An eye is an organ which has evolved for the purpose of detecting light. The simplest eyes do nothing but detect whether the surroundings are light or dark. More complex eyes are used to provide the sense of vision.
In most vertebrates and some mollusks (such as octopuses) the eye works by projecting images onto a light-sensitive retina, where the light is detected and transmitted to the brain via the optic nerve. The eye is typically roughly spherical, filled with a transparent gel-like substance called the vitreous humour, with a focusing lens and often a muscle called the iris that controls how much light enters.
Although they are quite similar in function and appearance once fully developed, vertebrate eyes grow outward from brain cells during embryonic development, while mollusk eyes grow inward from skin cells. The two are a good example of parallel evolution.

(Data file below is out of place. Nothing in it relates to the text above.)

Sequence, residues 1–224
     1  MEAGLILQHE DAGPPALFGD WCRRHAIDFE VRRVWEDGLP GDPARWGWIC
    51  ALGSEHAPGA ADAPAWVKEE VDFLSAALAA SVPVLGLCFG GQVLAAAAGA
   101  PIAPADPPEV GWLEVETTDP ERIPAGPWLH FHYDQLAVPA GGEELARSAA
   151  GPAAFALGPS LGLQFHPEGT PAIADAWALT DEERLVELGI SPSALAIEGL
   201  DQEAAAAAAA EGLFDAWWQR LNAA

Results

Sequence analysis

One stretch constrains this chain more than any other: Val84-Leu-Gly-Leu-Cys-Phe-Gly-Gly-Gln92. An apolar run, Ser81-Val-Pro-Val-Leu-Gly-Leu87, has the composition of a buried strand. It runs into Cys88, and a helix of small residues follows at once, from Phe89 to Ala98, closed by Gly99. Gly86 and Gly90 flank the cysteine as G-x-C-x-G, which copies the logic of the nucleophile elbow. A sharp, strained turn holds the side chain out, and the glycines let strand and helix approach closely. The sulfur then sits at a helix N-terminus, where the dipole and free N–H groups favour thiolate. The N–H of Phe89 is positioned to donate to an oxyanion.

In order for light rays to be brought to a focus they must be refracted. The amount of refraction required depends on the distance of the object which is being viewed. A distant object will require less bending of light than a nearer one. Most of the refraction occurs at the cornea which has a fixed curvature. The remainder of the required refraction occurs at the lens. The lens can be pulled flatter or rounder by muscles, which adjust the power of the lens. As we age we lose this ability to adjust the focus. Such a condition is known as presbyopia. There are other refraction errors arising from the shape of the cornea and lens, and from the length of the eyeball. These include myopia, hyperopia, and astigmatism.
Parts of the eye
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